So this is a failing of our mathematical model of the universe, and serves as an illustration of the nature of our models: theoretically sound, but not always practically applicable. Any good scientist should take this into account. I am sure I am not covering new philosophical ground here, but I find these examples illuminating, and they serve to remind me that while we endeavour to model the universe, it evades our modelling, our characterizing, our compartmentalizing. It is as confounding as the very impossibility of the notion of infinity.

Yet we speak of infinity with authority. With conviction. With a troubling certainty.

You heard it here first: infinity does not exist. At least in an infinite universe.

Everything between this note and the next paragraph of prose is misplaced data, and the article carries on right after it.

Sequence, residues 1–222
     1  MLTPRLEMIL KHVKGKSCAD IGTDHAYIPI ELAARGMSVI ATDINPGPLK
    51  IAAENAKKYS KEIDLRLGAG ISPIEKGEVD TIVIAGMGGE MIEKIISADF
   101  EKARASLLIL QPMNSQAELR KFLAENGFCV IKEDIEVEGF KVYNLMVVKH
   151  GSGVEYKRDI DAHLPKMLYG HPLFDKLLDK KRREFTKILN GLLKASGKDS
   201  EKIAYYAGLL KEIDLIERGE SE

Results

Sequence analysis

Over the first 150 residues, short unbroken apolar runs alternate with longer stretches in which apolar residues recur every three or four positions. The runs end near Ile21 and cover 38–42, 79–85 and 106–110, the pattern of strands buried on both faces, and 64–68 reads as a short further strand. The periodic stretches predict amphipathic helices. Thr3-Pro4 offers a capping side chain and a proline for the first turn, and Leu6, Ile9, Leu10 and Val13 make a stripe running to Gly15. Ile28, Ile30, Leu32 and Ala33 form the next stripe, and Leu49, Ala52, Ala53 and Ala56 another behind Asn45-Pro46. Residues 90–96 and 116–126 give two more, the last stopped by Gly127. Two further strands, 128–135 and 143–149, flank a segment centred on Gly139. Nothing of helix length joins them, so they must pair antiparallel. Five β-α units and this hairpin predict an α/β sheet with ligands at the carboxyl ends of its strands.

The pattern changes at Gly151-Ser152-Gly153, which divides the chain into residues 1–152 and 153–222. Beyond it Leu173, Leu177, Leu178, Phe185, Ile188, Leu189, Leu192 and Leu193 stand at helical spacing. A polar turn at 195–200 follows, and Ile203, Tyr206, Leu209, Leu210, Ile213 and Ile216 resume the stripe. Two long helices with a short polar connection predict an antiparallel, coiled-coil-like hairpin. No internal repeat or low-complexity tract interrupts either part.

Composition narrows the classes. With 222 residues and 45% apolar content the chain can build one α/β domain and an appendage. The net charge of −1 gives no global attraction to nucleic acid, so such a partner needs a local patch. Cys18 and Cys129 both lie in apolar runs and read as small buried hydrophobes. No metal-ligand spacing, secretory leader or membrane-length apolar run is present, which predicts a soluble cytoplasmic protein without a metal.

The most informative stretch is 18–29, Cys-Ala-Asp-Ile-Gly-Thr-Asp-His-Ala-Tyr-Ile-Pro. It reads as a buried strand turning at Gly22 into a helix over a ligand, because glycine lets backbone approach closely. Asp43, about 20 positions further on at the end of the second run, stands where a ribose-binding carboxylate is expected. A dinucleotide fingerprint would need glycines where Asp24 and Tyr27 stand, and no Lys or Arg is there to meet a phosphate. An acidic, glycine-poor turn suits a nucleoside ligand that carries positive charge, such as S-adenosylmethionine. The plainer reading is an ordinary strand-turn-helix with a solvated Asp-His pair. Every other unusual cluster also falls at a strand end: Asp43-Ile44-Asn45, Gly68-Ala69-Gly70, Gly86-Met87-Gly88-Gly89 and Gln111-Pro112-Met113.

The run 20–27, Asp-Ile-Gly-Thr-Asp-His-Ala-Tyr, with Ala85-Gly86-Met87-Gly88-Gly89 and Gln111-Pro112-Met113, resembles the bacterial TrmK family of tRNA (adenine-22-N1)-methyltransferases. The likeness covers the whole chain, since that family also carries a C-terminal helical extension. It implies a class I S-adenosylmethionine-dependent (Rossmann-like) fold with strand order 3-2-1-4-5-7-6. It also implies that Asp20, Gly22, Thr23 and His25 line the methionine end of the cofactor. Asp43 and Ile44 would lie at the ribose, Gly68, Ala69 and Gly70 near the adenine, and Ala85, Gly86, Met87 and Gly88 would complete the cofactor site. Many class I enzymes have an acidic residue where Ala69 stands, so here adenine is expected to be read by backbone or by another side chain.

JBArk the infant it of divinity

JBArk is a Mandelthought; a non-fiction character in a drama of his own design he calls "LIFE" who partakes in consciousness expanding activities and substances; he should in no way be confused with SWIM, who is an eminently data-mineable and prolific character who has somehow convinced himself the target he wears on his forehead is actually a shield.